Amendment to Encourage Charter School Expansion
"New York City has 197 public charter schools while Virginia only has seven statewide. If we're serious about providing families with meaningful educational choices, then that has to change," said Obenshain. "I commend my colleagues in the House of Delegates for passing such an important measure. I especially want to thank Delegate Rob Bell (R-Albemarle) who has worked diligently on this issue as well."
"Charter schools work because they provide the flexibility to meet the needs of students who don't excel in more traditional school settings or who are looking for more specialized instruction. They also serve as an important outlet for children being left behind by other schools," said Obenshain.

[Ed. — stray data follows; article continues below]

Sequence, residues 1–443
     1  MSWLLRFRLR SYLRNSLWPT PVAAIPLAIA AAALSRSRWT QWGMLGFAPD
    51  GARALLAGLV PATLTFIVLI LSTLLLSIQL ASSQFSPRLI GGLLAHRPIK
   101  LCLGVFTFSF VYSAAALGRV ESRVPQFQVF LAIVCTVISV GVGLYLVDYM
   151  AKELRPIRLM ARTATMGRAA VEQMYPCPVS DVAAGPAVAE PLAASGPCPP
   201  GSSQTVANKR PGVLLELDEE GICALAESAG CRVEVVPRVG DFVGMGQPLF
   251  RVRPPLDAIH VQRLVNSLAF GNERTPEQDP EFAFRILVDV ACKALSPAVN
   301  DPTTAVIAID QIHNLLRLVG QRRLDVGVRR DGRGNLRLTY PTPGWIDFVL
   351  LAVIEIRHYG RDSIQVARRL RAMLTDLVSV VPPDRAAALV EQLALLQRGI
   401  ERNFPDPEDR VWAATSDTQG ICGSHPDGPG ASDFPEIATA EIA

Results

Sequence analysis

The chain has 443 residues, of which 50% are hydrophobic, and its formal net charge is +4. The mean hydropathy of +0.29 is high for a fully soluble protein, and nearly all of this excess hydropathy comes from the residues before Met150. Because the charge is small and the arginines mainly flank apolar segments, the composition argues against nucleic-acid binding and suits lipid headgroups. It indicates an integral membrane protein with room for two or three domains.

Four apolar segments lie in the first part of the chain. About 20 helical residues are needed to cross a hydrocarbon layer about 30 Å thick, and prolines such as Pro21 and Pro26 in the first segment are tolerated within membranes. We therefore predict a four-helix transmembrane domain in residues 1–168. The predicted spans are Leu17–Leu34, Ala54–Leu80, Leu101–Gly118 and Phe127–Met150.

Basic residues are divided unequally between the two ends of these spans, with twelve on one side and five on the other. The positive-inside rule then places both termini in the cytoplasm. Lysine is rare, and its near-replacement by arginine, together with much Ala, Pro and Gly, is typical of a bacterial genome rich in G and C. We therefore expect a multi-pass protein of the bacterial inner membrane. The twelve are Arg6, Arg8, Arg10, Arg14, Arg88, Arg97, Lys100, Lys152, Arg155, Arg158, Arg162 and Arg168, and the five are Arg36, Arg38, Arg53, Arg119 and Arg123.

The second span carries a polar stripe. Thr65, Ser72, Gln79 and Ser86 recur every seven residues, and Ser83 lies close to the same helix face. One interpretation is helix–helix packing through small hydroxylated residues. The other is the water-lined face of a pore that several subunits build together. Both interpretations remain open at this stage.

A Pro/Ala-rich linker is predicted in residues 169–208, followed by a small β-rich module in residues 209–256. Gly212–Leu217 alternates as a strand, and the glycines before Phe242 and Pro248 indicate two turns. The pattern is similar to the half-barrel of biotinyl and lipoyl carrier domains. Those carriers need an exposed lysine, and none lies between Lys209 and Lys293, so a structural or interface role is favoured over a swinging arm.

A recent American Federation for Children poll notes that almost 70% of American support school choice. It also reported that 81% of Republicans and 60% of Democrats support school choice. Obenshain added, "Charter schools are one of the great educational success stories of recent years, giving new hope to students in major cities like Philadelphia, New Orleans, Minneapolis, and Washington, D.C. They are, moreover, a bipartisan success story, the product of Democrats and Republicans working together all across the country to improve our educational system. They have been embraced by conservatives and liberals and people everywhere in between – because they work."
This is an historic first step towards amending the Virginia Constitution to reform Virginia's charter school process, allowing more charter schools in Virginia. The constitutional amendment must pass the General Assembly twice in succeeding years. Resolutions, unlike most bills, do not go to the Governor for approval so it cannot be vetoed. If the resolution passes next year it will be submitted to the voters in the November 2016 general election for approval. This is the first charter school constitutional amendment to ever receive "first year" approval.